Russia-Ukraine war: Vladimir Putin adds a global food crisis to his growing list of war crimes – Angus Robertson MSP
Russia’s invasion of Ukraine is stalling. A war that was supposed to last days has cost them months and thousands of lives.
As is often the case when a war effort has gone wrong, military tactics have become increasingly brutal. We have seen Russians committing war crimes: civilian areas targeted, innocent people shot, tens of thousands deported, and widespread reports of rape.
Another war crime with increasing effects is the blocking of millions of tonnes of grain from leaving Black Sea ports. The consequences are becoming increasingly global and catastrophic.
Ukraine is one of the world’s main crop producers, and many nations rely on it as their top supplier of wheat and grain. Ukraine supplies 92 and 81 per cent of Lebanon and Moldova’s wheat respectively. With Ukraine being blockaded by Russia, people in these and many other nations will face a food crisis.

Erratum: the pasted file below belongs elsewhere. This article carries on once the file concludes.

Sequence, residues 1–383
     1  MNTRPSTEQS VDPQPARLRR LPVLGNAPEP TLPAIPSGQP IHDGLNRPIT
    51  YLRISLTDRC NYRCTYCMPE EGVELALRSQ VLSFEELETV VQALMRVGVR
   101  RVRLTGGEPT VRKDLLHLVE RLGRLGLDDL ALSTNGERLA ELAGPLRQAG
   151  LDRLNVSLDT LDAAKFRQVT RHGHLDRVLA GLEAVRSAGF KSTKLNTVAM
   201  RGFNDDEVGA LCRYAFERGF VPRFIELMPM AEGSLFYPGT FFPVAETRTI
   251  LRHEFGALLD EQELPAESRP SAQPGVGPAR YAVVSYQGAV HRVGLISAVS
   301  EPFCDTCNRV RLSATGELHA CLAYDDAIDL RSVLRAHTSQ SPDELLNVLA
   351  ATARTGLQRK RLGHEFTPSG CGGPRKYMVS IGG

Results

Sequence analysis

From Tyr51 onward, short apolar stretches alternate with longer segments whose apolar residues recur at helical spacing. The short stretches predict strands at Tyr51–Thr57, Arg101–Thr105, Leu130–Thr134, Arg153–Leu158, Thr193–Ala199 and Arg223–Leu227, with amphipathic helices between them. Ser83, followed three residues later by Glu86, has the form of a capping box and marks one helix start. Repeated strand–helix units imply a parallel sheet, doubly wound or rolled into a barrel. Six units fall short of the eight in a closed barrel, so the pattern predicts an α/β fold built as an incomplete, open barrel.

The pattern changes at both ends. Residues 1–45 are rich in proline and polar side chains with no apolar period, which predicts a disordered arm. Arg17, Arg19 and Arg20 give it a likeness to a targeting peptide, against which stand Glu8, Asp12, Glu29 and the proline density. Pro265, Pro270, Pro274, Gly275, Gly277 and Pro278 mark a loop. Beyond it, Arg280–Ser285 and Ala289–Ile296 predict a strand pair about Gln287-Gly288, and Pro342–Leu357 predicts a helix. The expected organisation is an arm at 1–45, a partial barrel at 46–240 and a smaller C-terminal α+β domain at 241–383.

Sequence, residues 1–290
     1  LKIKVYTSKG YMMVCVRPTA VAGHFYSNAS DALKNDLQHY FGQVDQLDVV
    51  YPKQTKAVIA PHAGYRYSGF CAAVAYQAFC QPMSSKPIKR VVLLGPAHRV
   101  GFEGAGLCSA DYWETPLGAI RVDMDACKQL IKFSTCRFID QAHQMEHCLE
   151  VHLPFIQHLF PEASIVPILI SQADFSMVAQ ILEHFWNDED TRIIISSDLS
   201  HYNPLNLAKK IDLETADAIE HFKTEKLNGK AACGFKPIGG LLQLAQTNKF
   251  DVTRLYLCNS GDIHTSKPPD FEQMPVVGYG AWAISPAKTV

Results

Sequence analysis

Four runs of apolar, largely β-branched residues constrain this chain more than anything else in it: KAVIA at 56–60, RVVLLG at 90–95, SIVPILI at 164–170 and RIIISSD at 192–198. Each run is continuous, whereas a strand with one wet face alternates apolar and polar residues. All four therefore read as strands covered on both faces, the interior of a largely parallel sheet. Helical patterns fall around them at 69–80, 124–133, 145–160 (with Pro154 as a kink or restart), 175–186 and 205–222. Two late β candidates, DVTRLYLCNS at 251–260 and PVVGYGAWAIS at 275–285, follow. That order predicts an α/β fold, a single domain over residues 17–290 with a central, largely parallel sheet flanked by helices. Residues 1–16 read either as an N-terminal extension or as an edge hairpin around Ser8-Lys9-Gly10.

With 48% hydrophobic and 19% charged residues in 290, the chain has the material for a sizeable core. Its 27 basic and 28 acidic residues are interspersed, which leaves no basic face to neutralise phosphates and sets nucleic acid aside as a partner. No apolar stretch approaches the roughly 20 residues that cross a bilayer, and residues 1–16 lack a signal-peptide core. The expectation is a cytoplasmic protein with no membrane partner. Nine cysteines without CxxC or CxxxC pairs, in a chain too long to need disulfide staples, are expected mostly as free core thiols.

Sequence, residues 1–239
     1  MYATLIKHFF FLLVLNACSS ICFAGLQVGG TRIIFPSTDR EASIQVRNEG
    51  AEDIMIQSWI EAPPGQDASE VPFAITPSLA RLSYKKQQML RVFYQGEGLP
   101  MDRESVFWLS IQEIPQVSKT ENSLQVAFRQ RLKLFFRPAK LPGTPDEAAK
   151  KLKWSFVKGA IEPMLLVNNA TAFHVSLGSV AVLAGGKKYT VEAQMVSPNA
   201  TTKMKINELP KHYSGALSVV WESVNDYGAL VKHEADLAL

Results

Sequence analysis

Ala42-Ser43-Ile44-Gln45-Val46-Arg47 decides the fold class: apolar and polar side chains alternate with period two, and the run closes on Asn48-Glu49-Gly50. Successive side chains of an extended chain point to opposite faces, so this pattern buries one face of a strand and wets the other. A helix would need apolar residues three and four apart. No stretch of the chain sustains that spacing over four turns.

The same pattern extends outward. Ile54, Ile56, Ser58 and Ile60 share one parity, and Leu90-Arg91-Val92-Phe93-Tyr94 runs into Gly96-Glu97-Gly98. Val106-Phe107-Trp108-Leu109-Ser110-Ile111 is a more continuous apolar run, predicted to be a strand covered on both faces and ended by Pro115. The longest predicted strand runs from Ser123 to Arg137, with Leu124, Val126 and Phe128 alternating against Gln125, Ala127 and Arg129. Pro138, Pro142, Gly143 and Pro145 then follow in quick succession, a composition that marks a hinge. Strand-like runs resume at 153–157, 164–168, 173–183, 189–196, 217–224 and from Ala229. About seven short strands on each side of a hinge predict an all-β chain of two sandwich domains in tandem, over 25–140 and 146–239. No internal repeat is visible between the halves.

Indeed, the International Monetary Fund estimates so far that, as a result, 100 million people have been unable to meet their food needs.
To be clear, this is no longer a war crime simply against Ukraine, though it is most certainly this, too. This is also murderous towards those in the world already facing food shortages and strain.
Putin’s failing war in Ukraine means he is increasingly happy causing havoc where he can around the world. Aside from mass starvation, food shortages provoke conflict and mass migration.
To prevent this, we must work with allies to counter this heinous war crime and release all the wheat and grain possible to the places that need it.
Angus Robertson is the SNP MSP for Edinburgh Central and Constitution, External Affairs and Culture Secretary